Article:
The First Law
If we look in a certain way, we see that everything in our universe is about one of two things: either movement—which is energy, change, information—or stillness—which has to do with awareness, capacity, or space. I like to think the work I do is mostly about restoring movement.
Without exception, every initial interview I’ve ever had with a client has been devoted to metaphorically walking around with them, the two of us looking at what’s not moving. But it isn’t stillness we’re seeing, it’s this very different thing, called ‘stuck’.
The 17th century mathematician Isaac Newton’s First Law was that a body in motion stays in motion unless some force acts on it. Now, apart from the apple that’s said to have landed on him, Newton wasn’t focusing on living things. But his first law actually fits the living quite well. Life is, after all, about movement. So we could say, as a very good first approximation, that if something in life isn’t moving, there’s a force being applied to stop it.
And we can take it as given that whatever the force is stopping the movement in our lives, we’re the ones applying it. Which makes my job kind of simple, even if it isn’t very easy. All I need to do is understand the process through which my clients are applying this stopping force and, after helping them see it, work with them to integrate a process that supports movement.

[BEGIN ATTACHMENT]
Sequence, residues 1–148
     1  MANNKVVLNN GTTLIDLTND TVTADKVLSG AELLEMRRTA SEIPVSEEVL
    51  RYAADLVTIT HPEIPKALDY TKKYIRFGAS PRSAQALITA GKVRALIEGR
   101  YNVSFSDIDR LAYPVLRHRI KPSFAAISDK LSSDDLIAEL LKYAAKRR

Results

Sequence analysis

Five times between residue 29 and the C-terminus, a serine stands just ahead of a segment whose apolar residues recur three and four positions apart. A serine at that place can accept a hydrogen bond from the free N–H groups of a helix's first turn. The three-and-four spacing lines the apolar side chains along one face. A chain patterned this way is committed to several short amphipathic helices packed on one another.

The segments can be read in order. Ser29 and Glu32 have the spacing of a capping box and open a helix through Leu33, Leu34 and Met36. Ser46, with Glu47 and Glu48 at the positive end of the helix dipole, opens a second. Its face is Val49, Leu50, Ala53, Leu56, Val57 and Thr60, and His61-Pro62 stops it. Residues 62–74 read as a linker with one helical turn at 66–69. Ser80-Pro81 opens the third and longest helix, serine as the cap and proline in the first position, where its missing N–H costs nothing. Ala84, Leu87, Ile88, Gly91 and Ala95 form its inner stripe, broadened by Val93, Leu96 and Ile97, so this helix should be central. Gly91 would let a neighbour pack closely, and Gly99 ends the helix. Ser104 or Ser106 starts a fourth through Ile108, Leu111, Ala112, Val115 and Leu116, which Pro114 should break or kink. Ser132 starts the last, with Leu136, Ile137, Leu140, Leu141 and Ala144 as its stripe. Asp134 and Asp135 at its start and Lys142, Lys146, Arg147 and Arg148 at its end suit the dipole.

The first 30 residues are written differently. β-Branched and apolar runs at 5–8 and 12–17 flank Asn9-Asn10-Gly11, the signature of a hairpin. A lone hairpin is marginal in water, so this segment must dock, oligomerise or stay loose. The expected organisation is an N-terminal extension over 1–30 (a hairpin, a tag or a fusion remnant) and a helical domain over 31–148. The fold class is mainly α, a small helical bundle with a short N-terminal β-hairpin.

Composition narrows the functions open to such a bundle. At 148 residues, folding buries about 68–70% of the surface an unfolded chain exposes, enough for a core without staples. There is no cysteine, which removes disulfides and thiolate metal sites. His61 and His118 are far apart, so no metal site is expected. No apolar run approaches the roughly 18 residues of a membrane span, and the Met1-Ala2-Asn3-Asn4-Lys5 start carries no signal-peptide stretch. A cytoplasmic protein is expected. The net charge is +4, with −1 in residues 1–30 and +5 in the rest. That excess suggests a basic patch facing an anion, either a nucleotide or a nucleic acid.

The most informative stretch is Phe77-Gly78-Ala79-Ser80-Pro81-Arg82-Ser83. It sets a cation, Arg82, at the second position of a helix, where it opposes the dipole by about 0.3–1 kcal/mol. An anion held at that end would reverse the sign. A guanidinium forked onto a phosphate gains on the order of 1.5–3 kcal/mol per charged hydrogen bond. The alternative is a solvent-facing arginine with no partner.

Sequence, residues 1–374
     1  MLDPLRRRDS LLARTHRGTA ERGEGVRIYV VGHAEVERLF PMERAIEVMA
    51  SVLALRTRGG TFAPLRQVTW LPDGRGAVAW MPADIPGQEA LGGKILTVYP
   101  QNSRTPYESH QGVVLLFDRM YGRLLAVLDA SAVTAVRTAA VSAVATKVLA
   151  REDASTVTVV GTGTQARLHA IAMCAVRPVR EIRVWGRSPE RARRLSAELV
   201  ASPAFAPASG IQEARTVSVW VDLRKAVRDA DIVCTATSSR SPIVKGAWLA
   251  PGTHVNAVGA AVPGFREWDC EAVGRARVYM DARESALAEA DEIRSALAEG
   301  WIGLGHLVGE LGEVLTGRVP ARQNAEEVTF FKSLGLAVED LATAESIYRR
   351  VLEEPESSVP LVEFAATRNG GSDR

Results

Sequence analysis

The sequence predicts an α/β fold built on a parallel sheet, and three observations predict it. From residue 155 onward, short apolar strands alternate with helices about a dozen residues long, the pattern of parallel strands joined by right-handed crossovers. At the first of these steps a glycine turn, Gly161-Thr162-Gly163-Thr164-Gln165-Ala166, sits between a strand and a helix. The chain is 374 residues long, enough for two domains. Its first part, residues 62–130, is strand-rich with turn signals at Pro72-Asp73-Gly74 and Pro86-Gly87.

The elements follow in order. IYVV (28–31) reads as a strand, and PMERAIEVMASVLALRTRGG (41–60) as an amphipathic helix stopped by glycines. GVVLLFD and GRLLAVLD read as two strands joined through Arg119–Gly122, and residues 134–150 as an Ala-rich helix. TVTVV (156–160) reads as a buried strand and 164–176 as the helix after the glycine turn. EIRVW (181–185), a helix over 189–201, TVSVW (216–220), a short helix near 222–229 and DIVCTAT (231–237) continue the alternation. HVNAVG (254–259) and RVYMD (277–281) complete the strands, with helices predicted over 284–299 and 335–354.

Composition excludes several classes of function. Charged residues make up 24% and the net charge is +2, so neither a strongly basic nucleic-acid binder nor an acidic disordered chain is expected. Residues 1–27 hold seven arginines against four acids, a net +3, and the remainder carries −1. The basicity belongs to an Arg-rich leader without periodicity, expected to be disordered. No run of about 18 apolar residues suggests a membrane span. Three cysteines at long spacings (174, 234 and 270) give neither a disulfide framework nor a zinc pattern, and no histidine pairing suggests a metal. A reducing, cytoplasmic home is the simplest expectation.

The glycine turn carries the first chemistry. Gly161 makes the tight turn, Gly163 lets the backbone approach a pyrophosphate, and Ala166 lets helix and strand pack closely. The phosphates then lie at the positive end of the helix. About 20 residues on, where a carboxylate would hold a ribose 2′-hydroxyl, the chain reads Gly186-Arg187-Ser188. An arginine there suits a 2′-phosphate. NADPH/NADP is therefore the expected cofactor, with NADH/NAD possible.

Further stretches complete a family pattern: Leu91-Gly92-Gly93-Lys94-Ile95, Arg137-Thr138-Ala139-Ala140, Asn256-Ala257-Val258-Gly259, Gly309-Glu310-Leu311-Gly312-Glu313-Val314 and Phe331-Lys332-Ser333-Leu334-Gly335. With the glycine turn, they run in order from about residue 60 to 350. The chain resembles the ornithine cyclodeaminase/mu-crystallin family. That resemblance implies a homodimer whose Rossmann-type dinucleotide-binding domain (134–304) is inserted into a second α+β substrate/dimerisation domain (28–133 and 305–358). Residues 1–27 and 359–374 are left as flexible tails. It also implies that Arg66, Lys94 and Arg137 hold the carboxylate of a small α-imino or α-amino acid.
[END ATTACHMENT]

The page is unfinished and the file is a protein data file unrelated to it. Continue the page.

A few years ago, a friend and I gave a talk in which we intended to explore what’s actually trying to emerge from all the chaos and suffering in the world around us. But what we ended up talking about that night was how compelling it is for us to turn away from whatever it is we don’t want to feel.
For example, we may not always say what we really want, even to ourselves, because we don’t want to feel what it’s like if we don’t get it. Or we fear losing relationships we sense might not be able to tolerate who we really are. Or who we might become. And all of us fight with our partners—generally because something they do makes us feel like we did as children. And if we don’t read that story on climate change, it’s likely because we don’t want to feel overwhelmed, helpless and afraid.
As it turns out, we all turn away for a couple of reasons: either as a way to avoid the pain and discomfort that comes with change, or to protect ourselves from the effects of a past injury.
Turning away from what we’re unwilling—or unable—to feel is the force we apply which stops the movement of our living. This impulse is so strong, and it happens so quickly, that we generally aren’t even aware we’ve done it.
There’s also a big difference between, let’s say, that thrill of fear which happens as we’re about to do something risky for the first time and the feeling that comes up when we’re panicked. With this kind of fear, our concern is about whether we can actually do this new thing. That’s about growth, about being called by life to something bigger. But with panic, we actually lose access to what we’re already capable of doing. And that has more to do with a trauma we’re still trying to escape.
The difference between what growth and trauma feel like is important because the problems of growth can often be worked through with the mind and an understanding of what’s going on. But trauma operates at the level of survival and requires attention to our emotions and our bodies.
Regardless of whether our reaction is to the painful pressure of growth or the limitations of a past trauma, when that reaction is below our “see” level, it seems like it happens to us rather than being something we do. And it compounds the illusion that there’s nothing, evidently, we can do.
But as Moshe Feldenkrais has said, when we know what we’re doing, we can do what we want.